Stone claims entitlement to summer employment in 1977 because of certain alleged oral promises made by Cutlip in 1976. Furthermore, the letter from Dean Agee, it is claimed, affords Stone a legitimate expectation of salary increases equal to those received by other faculty members. See Board of Regents v. Roth, 408 U.S. 564, 577, 92 S.Ct. 2701, 2709, 33 L.Ed.2d 548 (1972). We do not believe the Agee letter can be fairly read as promising more benefits than Stone received. In any event, under the facts and circumstances of this case, the trial court could have found that Stone had been accorded procedural due process by virtue of a meeting held in Dean Cutlip's office on May 12, 1977, Stone's personal appeal to the chancellor, and the availability of grievance procedures within the university
We express no opinion on the probable outcome of a breach of contract action, should Stone choose to bring one.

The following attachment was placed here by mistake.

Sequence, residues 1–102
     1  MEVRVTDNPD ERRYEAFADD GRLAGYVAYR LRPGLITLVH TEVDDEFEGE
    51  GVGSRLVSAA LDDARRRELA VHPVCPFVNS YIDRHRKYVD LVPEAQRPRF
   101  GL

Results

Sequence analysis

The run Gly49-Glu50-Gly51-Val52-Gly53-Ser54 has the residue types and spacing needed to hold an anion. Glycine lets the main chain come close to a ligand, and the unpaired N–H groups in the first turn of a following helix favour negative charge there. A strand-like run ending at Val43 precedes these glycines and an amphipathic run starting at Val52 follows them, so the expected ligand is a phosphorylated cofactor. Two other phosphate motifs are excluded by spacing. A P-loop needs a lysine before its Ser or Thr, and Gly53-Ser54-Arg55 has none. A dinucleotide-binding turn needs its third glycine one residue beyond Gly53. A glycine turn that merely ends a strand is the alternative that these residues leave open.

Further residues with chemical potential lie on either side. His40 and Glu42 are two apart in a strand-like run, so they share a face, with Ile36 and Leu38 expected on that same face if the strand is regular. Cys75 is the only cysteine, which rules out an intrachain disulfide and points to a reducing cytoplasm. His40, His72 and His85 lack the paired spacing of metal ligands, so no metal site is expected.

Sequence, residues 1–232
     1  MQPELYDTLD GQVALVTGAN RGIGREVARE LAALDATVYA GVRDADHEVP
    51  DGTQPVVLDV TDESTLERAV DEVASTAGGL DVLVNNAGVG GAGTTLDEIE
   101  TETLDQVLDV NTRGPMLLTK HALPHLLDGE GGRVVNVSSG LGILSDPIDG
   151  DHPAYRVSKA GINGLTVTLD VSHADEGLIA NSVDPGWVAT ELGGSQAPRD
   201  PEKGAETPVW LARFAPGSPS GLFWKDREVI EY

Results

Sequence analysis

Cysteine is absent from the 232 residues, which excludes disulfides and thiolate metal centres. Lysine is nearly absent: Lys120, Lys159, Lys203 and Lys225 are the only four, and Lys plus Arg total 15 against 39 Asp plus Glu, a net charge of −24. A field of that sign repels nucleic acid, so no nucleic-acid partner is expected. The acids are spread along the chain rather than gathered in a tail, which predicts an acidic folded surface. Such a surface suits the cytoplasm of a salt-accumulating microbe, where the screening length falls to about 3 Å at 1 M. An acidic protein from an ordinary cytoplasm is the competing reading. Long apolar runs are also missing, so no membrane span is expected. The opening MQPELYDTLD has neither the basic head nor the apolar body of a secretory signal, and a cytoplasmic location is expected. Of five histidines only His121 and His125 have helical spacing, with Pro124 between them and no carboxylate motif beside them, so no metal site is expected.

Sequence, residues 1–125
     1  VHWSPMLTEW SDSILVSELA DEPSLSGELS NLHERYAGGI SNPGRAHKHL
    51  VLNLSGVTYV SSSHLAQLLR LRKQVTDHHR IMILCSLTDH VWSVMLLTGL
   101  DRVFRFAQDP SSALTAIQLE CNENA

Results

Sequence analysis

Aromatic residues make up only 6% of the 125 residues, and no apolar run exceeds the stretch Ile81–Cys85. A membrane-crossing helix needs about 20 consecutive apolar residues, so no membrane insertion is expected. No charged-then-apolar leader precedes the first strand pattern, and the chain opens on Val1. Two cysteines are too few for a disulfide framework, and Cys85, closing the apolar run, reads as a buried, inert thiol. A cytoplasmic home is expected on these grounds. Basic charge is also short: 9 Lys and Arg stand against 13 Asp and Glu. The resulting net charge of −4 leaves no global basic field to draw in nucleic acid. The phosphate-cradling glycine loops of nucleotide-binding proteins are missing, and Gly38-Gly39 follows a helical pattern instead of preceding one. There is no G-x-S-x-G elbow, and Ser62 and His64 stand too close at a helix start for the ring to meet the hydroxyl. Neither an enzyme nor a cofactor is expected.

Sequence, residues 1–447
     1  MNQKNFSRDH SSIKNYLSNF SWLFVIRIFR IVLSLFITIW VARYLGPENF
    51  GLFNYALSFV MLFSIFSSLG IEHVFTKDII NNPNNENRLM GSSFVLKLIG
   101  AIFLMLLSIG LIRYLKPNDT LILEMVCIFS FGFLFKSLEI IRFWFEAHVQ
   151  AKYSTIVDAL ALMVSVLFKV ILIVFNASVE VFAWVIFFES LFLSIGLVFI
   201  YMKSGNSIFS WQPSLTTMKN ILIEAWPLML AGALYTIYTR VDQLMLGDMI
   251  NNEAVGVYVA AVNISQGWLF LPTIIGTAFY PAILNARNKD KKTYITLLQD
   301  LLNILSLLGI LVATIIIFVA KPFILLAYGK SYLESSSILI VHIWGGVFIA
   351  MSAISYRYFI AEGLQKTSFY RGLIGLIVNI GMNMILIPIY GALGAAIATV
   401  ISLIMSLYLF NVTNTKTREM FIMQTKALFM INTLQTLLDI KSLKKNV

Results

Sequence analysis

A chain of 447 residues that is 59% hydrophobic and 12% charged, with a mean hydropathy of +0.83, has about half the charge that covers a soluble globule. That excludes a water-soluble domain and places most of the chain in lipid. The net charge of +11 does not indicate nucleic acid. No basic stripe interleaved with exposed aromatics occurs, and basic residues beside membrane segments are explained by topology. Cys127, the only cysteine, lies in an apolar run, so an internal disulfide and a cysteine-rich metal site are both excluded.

Stone's speech and conduct as a member of the search committee would be constitutionally protected if addressed to a matter of public concern, even if expressed privately. See Givhan v. Western Line Consol. Sch. Dist., 439 U.S. 410, 99 S.Ct. 693, 58 L.Ed.2d 619 (1979); Lindsey v. Board of Regents, 607 F.2d 672 (5th Cir. 1979). For our purposes, we accept as true Stone's assertions that he and Cutlip disagreed over Stone's attempts to find qualified minority and female dean candidates and Cutlip's interference with those attempts. Such a disagreement would have sufficient "public" flavor to merit protection. We also note that Dr. Hardy Edwards, chairman of the search committee, stated in his deposition that he was concerned about a letter from the leading female candidate detailing possible irregularities in the search process; Edwards recommended to President Davison that the Equal Employment Opportunity Office be asked to investigate whether each of the candidates had received fair treatment. This testimony supports Stone's description of his concerns during the search